Lately I've returned to buying wheels from Mavic because I cannot purchase the materials used in those wheels for less than it costs to buy the wheel itself. MTB wheels from Mavic in the Crossride, Crosstrail series have a unique construction of special hubs that accomodate straight pull spokes and enoumously strong spokes and rim systems. Check tension, retrue, yes. Build from scratch......not any more.

  8. #8
    feros ferio John E's Avatar
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    Quote Originally Posted by BikeWNC View Post
    ... I guess it is overbuilt by today's standards with an Open Pro rim, 32 2X 15/16 spokes.
    That is not overbuilt at all (36 spokes might be).

    I ride 32- and 36-spoke wheels exclusively and have not desire to switch to reduced spoke counts, paired spokes, etc. The higher the spoke count, the greater the wheel's strength-to-weight ratio. I favor 3X, although 2X front is probably acceptable. Radial spoking puts one hellacious load on the hub flange.
    "Early to bed, early to rise. Work like hell, and advertise." -- George Stahlman
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  9. #9
    just keep riding BluesDawg's Avatar
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    The best way to learn to true wheels without messing them up is to build some wheels.
    The more you ride your bike, the less your ass will hurt.

  10. #10
    Small Member maddmaxx's Avatar
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    Quote Originally Posted by John E View Post
    That is not overbuilt at all (36 spokes might be).

    I ride 32- and 36-spoke wheels exclusively and have not desire to switch to reduced spoke counts, paired spokes, etc. The higher the spoke count, the greater the wheel's strength-to-weight ratio. I favor 3X, although 2X front is probably acceptable. Radial spoking puts one hellacious load on the hub flange.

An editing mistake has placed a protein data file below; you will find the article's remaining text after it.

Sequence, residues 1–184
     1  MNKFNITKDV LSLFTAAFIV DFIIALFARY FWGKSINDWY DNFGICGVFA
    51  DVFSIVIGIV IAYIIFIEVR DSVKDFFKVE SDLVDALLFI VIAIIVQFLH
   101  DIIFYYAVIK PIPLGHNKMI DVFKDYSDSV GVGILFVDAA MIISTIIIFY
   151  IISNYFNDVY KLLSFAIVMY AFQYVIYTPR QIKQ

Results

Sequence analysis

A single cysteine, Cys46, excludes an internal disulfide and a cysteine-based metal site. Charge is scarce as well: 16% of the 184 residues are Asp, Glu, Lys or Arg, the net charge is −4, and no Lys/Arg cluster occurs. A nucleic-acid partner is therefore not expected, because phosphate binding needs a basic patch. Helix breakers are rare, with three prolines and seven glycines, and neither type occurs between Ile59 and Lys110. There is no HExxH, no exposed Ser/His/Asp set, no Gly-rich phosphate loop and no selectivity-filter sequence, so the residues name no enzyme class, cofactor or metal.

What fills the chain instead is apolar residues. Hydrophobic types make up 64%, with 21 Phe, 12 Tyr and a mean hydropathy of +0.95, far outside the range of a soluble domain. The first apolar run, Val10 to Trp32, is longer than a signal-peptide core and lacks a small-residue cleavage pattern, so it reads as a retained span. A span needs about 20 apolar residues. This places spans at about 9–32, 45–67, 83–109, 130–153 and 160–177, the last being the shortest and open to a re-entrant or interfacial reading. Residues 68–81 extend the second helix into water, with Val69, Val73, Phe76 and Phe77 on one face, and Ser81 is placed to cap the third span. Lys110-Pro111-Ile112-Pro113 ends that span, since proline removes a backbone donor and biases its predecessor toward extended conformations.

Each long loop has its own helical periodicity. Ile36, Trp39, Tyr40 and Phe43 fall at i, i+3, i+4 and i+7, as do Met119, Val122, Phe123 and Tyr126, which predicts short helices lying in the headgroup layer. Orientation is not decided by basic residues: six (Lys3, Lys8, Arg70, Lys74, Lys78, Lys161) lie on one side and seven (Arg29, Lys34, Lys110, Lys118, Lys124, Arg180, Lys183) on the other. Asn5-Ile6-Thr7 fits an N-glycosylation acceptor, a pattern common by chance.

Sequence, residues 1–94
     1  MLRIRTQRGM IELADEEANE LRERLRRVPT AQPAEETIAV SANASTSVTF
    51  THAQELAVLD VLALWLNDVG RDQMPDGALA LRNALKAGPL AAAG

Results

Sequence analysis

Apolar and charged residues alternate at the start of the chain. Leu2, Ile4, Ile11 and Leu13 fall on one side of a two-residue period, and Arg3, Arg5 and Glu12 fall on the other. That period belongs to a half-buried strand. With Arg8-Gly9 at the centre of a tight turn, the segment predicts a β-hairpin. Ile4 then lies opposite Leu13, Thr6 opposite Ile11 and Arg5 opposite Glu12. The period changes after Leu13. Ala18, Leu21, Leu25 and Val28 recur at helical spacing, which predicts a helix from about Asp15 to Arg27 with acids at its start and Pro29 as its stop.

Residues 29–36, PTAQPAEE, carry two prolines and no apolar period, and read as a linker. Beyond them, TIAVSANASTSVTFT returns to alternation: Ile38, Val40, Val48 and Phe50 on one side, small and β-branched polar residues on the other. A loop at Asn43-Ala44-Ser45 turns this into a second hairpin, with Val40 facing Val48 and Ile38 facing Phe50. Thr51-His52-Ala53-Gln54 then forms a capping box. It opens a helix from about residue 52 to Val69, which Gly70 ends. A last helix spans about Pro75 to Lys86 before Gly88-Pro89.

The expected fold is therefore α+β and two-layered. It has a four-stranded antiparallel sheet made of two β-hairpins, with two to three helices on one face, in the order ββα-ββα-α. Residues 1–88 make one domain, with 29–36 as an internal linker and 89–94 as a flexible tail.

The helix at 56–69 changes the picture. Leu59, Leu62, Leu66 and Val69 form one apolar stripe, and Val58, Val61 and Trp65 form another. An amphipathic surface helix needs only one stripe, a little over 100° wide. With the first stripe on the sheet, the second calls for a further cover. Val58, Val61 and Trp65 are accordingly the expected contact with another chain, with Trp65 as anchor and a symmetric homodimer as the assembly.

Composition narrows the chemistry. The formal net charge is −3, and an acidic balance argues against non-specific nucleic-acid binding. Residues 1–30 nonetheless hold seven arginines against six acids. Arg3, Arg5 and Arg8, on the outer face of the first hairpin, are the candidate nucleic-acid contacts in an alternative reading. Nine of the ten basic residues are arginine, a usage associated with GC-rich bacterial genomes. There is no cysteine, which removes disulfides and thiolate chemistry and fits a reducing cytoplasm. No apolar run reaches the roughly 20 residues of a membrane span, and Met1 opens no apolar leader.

Through the last few years, I have built radially spoked front wheels for big guys (200/230lb range). It has always been my opinion that the radial was the strongest wheel I could put together............assuming that the hub could handle the load. I have never had a Shimano show any signs of damage from such a build and the modern hubs 105 and up are rated by Shimano for a radial front load.

    I have just come off of 3 years on a set of Mavic 24 spoke Crossride disc wheels which after the initial tension check have not needed an adjustment or truing in spite of being used on dirt, traprock, potholes, ruts etc. This all has been under a 220 lb rider..........me

    The real strength in a wheel is in its rim. Spokes are there to keep the rim round and to keep it from tacoing under side load. Modern box section or deep v rims have gotten quite a bit better in the last few years. Straight pull spokes eleminate another break point. Spokes that don't touch each other where they cross also don't wear at the cross point.

    Edit: On the other hand, the new wheels coming in this week are 20 spokes front and rear...........
    Last edited by maddmaxx; 09-12-09 at 04:56 PM.